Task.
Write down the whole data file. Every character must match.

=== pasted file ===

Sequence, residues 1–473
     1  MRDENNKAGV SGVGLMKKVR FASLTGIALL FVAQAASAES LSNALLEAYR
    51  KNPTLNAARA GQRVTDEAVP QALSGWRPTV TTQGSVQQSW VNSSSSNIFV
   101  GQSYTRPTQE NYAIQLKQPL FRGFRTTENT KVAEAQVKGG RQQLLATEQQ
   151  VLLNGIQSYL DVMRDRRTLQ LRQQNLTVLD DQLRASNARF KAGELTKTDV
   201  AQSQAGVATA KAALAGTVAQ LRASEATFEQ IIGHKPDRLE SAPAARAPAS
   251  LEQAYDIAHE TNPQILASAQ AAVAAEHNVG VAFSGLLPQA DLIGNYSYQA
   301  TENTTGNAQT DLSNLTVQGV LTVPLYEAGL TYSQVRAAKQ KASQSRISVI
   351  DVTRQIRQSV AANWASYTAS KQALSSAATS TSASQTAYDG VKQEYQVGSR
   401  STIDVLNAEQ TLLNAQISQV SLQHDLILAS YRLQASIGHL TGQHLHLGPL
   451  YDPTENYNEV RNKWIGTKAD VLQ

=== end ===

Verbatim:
Sequence, residues 1–473
     1  MRDENNKAGV SGVGLMKKVR FASLTGIALL FVAQAASAES LSNALLEAYR
    51  KNPTLNAARA GQRVTDEAVP QALSGWRPTV TTQGSVQQSW VNSSSSNIFV
   101  GQSYTRPTQE NYAIQLKQPL FRGFRTTENT KVAEAQVKGG RQQLLATEQQ
   151  VLLNGIQSYL DVMRDRRTLQ LRQQNLTVLD DQLRASNARF KAGELTKTDV
   201  AQSQAGVATA KAALAGTVAQ LRASEATFEQ IIGHKPDRLE SAPAARAPAS
   251  LEQAYDIAHE TNPQILASAQ AAVAAEHNVG VAFSGLLPQA DLIGNYSYQA
   301  TENTTGNAQT DLSNLTVQGV LTVPLYEAGL TYSQVRAAKQ KASQSRISVI
   351  DVTRQIRQSV AANWASYTAS KQALSSAATS TSASQTAYDG VKQEYQVGSR
   401  STIDVLNAEQ TLLNAQISQV SLQHDLILAS YRLQASIGHL TGQHLHLGPL
   451  YDPTENYNEV RNKWIGTKAD VLQ